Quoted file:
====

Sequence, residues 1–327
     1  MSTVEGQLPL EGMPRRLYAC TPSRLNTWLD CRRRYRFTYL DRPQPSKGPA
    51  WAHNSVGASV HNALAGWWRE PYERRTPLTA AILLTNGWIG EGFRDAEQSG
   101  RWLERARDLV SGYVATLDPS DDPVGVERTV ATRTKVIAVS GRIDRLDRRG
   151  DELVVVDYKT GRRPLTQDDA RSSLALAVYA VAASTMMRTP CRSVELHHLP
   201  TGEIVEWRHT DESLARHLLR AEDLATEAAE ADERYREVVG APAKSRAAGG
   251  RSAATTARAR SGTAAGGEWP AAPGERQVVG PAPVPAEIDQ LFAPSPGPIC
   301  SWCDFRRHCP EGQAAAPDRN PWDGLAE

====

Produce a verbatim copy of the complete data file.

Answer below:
Sequence, residues 1–327
     1  MSTVEGQLPL EGMPRRLYAC TPSRLNTWLD CRRRYRFTYL DRPQPSKGPA
    51  WAHNSVGASV HNALAGWWRE PYERRTPLTA AILLTNGWIG EGFRDAEQSG
   101  RWLERARDLV SGYVATLDPS DDPVGVERTV ATRTKVIAVS GRIDRLDRRG
   151  DELVVVDYKT GRRPLTQDDA RSSLALAVYA VAASTMMRTP CRSVELHHLP
   201  TGEIVEWRHT DESLARHLLR AEDLATEAAE ADERYREVVG APAKSRAAGG
   251  RSAATTARAR SGTAAGGEWP AAPGERQVVG PAPVPAEIDQ LFAPSPGPIC
   301  SWCDFRRHCP EGQAAAPDRN PWDGLAE